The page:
Adam Bird

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Sunday, 4 December 2011

Pride in My Town

Gravesend

Behind every Facebook status update lies a bigger story. A thought we’ve shared that only has meaning to a select few, or from time to time, our view on a story much bigger than ourselves. These last few days, it has been like that. The sadness behind the status I posted on Friday and then last night, something new, something profound, something that helped one come to terms with an act of despicable evil that arrived and landed, allegedly upon our doorsteps.

Thursday night, I came home from work, I was running late, so went straight upstairs to say goodnight to Oliver before he fell asleep. I came downstairs afterwards to say hello to Stephanie, my wife and I immediately saw that something was wrong? “Are you okay?” I asked, but she wasn’t and burst into tears. A couple who we’d met at a party two weekends ago had given birth to a beautiful baby boy, shared his name with our own son, but sadly complications during the pregnancy meant that the baby passed away two days later.

Our thoughts had been with them, they still are. But Saturday night came around and during the advert breaks, our phones came out and Facebook switched on. A friend of mine posted something quite nasty, something vitriolic, wishing death upon persons unknown at an address in the town that I live. I thought it sounded quite harsh and out of character of the person who posted it. But they weren’t alone, other status’s were of similar tone. Anger, disgust, shock and tension. Research found the root of all of this. It was in the news, on the Sun website, on the Daily Mail website as well as the BBC - news that made the harsh status sound quite calm and composed.

It has been reported that a month old baby from Gravesend was now in intensive care. The baby had a cardiac arrest en-route to hospital as a result of their injuries sustained during an alleged act of abuse against them by their parents. Both the articles that appear on the tabloid websites make some quite serious accusations against the accused without really backing up their stories with proof and reasoned argument.

Either way, if what has been written is true, the gravest crimes have been committed against the most precious of all victims. Crimes that go against everything we are naturally programmed to do. We are born to nurture, to care and to console. Which is why, when people hear of such things, they automatically tune into a powerful response that tries to make sense of something that is so very senseless.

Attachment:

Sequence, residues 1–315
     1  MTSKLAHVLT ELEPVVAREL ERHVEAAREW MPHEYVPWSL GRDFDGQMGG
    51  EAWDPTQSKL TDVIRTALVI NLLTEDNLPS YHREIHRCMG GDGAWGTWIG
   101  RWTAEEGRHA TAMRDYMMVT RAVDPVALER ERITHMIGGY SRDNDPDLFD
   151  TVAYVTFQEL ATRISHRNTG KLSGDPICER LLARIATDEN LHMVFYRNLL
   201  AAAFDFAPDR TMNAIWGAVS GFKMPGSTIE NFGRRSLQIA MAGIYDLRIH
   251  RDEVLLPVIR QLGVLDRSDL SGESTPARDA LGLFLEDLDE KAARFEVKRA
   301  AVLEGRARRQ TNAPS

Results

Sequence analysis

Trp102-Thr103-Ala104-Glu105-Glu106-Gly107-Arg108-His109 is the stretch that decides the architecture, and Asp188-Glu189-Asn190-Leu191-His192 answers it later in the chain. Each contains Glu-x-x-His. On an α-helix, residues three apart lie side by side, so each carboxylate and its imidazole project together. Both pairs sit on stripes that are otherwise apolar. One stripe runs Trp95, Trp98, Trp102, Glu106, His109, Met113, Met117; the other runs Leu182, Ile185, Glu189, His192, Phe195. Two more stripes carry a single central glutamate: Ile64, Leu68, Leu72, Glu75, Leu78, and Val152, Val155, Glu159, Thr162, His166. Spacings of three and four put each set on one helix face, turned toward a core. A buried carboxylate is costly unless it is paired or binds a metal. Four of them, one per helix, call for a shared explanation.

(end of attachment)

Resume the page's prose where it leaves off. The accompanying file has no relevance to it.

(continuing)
Two Facebook status’s, two very different stories, both heartbreaking, both make you look at yourself introspectively, your children and your families and be grateful for what you have and if possible, appreciate them that little bit more.

Last night though, wasn’t just about my status, it was everyone from Gravesend, all showing a real sense of community spirit. Yes, there is anger and yes there are people who are willing to carry out ‘revenge’, but in the main, people displayed humility, caring and deep levels of upset for what has been allegedly committed in our town.

Via the medium of Facebook, certain details have come to light, the house in which the alleged perpetrators live, which last night became the scene of an emotional vigil. Locals standing outside with candles and leaving teddy bears in prayer that the child, whose name has also been ‘released’ pulls through and makes a recovery from their heinous injuries.

Whilst Facebook and the social media scene is great for expressing feelings of shock and anger, there are obvious pitfalls. At certain times, like during the August riots, when Facebook was awash with rumours and speculation that did nothing but create a climate of fear and worry, last night certain reports of the baby's death were untrue and unhelpful. When emotions are running high and people are discussing lynch mobs and revenge attacks it becomes a time for calmness and clarity of thought. This morning, Kent police have issued a warning which says exactly that.

Acts of evil aren’t something confined to the television, or the movies. They are, unfortunately around us and from time to time shock us with their severity. On ever rarer occasions, they happen around us, in our towns and shock our communities. Acts of evil are not a true measure of society, its how society deals with it that counts. Candles, teddy bears and quiet tears of prayer standing hand in hand with our neighbour are cause of pride. Anger, revenge and promise of retribution, however well intended are not.

Having family and a wife who work in foster-care comes with the understanding and knowledge that there are young people in this country who are being brought up in very different and sometimes dangerous circumstances. It’s not right and never will be - as long as there are people, like those that stand outside with candles and hearts that are worthy and compassionate those children are in with a chance. With prayers and a loving home, hopefully the baby at the centre of all this will be to.

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